It’s evolving. The bands that have played that type of music have always been around, but now there seems to be more awareness of it. More people seem to be talking about it. I may not be the best person to talk about it in a contemporary sense because I tend to look back further towards the roots of the music and to try to make sense of that. I’m more about folk and blues and early rock for that matter. I’m a student of history.
There are a lot of musicians who are students of history, and one would suspect that you and the music you’ve made are on their curriculum. You helped make that turn from the Burritos and the Byrds and into the modern music we call Americana today.
It always felt like a continuum to me. There were bands we were influenced by X, the Blasters, the True Believers, Alejandro Escovedo… folks like Jason and the Scorchers. They were making their music when we were kids.
It’s a broad term, Americana.
Yes, and that’s what’s good about it. It’s hard to narrow it down, but that’s what makes it interesting. It can be misconstrued I’m sure. It’s never easy for musicians to define whatever box they find themselves in. It’s always best to focus on the music and see how it flies.
The fact that you’ve made so much memorable music — with your bands and on your own — does that tend to set a high bar, one that you’re always aware of when you step into the studio to start a new project?
I’ve chosen not to think about it in those terms. I’m always thinking about what’s next, what’s going to take me to a place I haven’t been before. I look to history to learn about the origins of the music as we know it, so I can be informed about the music I’m trying to do. I try to drill down on that. Those are the things that keep me inspired.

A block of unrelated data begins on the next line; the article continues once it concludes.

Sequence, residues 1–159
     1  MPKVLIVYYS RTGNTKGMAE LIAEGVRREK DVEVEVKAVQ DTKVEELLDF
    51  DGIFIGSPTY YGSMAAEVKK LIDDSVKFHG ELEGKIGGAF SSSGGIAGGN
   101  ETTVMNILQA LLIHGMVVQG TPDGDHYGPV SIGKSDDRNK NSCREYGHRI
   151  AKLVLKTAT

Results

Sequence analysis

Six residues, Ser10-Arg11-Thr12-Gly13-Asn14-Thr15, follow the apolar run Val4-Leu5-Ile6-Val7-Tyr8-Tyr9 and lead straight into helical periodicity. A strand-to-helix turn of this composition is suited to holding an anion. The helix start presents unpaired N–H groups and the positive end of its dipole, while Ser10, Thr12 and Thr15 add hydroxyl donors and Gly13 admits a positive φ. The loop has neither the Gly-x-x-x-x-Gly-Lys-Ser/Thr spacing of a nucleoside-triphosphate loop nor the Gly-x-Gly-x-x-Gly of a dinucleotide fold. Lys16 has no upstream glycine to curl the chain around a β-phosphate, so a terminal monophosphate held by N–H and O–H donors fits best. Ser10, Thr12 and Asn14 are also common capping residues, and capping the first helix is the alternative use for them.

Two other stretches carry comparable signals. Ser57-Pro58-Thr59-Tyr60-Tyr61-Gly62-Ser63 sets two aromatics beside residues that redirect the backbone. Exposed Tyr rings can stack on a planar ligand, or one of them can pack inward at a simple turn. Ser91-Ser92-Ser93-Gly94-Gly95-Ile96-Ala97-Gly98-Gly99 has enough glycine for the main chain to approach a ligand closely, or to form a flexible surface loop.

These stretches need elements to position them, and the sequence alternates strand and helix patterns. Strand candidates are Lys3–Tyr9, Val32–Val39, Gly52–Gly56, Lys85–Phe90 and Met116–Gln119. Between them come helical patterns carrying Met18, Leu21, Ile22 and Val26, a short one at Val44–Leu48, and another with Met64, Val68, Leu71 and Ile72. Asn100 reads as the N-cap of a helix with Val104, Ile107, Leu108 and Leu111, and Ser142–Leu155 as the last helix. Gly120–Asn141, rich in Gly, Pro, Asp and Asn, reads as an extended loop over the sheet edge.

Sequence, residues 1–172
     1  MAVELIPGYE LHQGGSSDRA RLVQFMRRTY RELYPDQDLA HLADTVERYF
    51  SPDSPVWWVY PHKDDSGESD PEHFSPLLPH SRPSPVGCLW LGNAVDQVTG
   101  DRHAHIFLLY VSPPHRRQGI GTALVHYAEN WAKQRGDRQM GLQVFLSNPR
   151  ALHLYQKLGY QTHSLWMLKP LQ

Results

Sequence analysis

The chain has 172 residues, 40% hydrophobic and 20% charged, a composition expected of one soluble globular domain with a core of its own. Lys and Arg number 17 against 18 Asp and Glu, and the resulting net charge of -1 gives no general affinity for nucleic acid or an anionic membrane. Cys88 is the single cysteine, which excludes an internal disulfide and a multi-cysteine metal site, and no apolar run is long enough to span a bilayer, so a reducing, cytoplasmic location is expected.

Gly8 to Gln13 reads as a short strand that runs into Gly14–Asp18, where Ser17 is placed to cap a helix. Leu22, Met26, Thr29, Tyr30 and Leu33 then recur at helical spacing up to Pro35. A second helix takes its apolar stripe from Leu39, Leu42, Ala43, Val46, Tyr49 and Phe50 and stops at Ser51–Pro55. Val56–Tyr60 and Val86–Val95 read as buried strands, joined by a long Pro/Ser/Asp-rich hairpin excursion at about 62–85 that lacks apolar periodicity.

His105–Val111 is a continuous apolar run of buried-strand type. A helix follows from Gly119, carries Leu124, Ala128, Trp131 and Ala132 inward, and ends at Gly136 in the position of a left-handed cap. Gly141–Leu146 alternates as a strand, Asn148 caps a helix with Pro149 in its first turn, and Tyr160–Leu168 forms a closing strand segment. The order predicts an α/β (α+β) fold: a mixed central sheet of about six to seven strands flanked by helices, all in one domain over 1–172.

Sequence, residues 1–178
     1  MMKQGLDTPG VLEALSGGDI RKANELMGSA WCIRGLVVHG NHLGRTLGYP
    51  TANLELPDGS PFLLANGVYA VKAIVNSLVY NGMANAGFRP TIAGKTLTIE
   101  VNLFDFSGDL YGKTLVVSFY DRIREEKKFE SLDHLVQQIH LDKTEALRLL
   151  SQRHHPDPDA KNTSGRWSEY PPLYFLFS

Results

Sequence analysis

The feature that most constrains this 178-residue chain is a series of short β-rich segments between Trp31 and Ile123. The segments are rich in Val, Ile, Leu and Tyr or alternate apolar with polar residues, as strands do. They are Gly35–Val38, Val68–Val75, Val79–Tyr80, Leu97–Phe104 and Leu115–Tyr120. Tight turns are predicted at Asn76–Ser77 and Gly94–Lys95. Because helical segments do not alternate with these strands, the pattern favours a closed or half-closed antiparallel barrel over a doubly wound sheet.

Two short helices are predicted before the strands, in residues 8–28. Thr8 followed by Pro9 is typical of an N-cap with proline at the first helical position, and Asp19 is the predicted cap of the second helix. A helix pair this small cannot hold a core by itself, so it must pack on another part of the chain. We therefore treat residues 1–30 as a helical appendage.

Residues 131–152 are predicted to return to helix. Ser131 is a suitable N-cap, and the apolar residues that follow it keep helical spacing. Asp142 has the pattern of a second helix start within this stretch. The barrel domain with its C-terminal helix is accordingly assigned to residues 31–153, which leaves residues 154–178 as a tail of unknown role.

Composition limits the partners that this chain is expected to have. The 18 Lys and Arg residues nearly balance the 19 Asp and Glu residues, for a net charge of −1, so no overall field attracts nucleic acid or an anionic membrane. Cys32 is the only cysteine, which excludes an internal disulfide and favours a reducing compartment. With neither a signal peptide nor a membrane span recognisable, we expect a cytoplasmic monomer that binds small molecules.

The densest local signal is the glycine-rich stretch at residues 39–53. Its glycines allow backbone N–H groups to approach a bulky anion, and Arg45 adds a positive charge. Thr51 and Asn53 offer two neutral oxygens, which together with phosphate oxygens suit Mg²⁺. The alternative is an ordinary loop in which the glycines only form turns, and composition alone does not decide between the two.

Was there ever any thought about Uncle Tupelo reuniting, even temporarily, and doing another record?
I don’t know. It’s hard to comment on that. There are so many variables. Tweedy and I have started emailing lately. I think we both realize there are so many other things to worry about other than the differences we had in the past. Things like sending our kids out into the world. Way more important things like that to tend to.
It could be interesting, even if it was a one-off. Of course, trying to replicate past glories can be problematic.
Yeah! There’s nothing in the works right now, but let’s see how it shakes out.
Are you a nostalgic kind of guy? Do you ever think about past glories and the experiences that went with them?
I’ve had the opportunity to go back with some of the reissues, whether it’s Uncle Tupelo or Son Volt. It gave me a chance to look back and reflect on the work that was done. It gave me the opportunity to go back and look through some of the old recordings we had done. That’s about the extent of it. Whatever comes along through happenstance, it can be interesting to look through the old stuff, but it’s not something I choose to do on a regular basis, unless there’s a reason for it.
Do you still enjoy the touring and playing live?
I do. It’s a different experience than it was when I was 21. As Bob Dylan said, “it’s for the young to be passionate and the old to be wise.” I approach touring from that Dylan-esque perspective now. Musicians talk about how many birthdays and anniversaries they miss when they’re out on the road, and in the next three months, I will miss every birthday and every anniversary my family has planned. But I’m looking forward to it nevertheless. The touring seems to be more sustained when there’s a new record out, but in-between, it tends to be more like a week here, a week there.
What’s kept you in St. Louis all these years? Wouldn’t Nashville or Austin or New York be a better fit?
This is where I’m from, and my family is here. It’s also a good location in terms of touring. It’s pretty centrally located, so it’s a good place to be. The cost of living is good, and so there are a lot of things keeping me here.
Things are strange in this country now. There’s a lot of polarization and discontent. Do you sense that that will affect the vibe or the mood of the audience?
I don’t think it’s anything that can be discerned. I’ve been doing this almost 30 years now and I’ve travelled through a lot of political landscapes. It is an unprecedented time, though. It’s inspired maybe five songs already, and it will probably lead to a lot more. There’s a lot of polarization and division, and I’m writing songs to kind of come to terms with that.
The same thing happened in the ‘60s. Back then people claimed that music could change the world. Do you believe that?
I do but I don’t know that that would apply to the music I make. But I feel compelled to try.